Minneapolis, MN, United States
Last spring my class wanted to build birdhouses to place on our school’s campus. Our school, Breck, is a PreK through 12th grade independent school located in Golden Valley, Minnesota. Golden Valley is a first-ring suburb of Minneapolis. Our school sits on 50 acres, which contain an experimental native prairie, wetlands, non-native grassy areas, ponds, small woods, and other areas of native plants. All third grade classes participate in FeederWatch each winter and other grades utilize our school grounds for science projects as well. Juniors do a research study of the Red-winged Blackbirds on our campus and a multi-grade group called The Breck Birders go birding there every Friday morning all summer long. They collect data about the birds they see and add it to eBird. Each year this group completes a science inquiry project based on the questions generated by their work during the summer and presents it at the U of MN in the winter.
Our class thought that if we could add birdhouses to various areas of our campus, it would benefit both the birds and the students at Breck. We thought students might be able to observe more species as they would be drawn to our campus if it offered everything they need – food, shelter, space, cover. The birdhouses might provide more cover, especially for nesting birds in the spring. It would be good for birds because they could easily find everything they need for survival. It would be a win-win.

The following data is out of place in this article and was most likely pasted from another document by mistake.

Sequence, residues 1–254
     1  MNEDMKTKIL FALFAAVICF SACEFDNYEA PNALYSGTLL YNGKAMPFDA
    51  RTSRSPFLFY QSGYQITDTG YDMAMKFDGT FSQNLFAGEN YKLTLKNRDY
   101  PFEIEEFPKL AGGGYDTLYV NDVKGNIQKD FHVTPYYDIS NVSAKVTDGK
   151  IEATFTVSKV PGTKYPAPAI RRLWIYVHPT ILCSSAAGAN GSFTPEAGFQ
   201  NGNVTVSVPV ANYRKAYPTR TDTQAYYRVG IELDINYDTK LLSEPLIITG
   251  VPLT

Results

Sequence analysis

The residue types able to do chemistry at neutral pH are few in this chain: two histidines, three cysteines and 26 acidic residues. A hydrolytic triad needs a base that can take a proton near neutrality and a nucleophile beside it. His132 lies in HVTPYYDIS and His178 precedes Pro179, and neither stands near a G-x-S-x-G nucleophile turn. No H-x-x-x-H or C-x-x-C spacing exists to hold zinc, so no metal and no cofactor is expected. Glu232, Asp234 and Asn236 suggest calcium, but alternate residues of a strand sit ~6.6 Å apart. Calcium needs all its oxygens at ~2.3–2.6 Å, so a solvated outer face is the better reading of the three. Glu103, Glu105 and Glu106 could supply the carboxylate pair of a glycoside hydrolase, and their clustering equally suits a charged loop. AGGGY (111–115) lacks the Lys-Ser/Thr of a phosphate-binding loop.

Our class was full of ideas, but we could not actually build the birdhouses without some help. Mrs. Virginia Amundson is a seventh grade teacher at Breck whose husband is a master carpenter. She and I talked. She had always wanted to build birdhouses, too! We decided to work together. Mrs. Amundson and her husband brought in all the materials, tools, and even plans. Mr. Amundson was on hand to assist. We had parent volunteers, too. Her seventh graders and my third graders worked together and built eight birdhouses. We built houses for bluebirds, Wood Ducks, Purple Martins, Northern Cardinals, and American Robins. We gave them to the Building Superintendent to mount around our school. Three weeks later, just before school let out for the summer, my students and I walked down to a remote pond on our campus to check out one of our nest boxes. We saw a female wood duck sitting in it. That made us feel great! Out hard work had actually paid off, at least for that for that Wood Duck!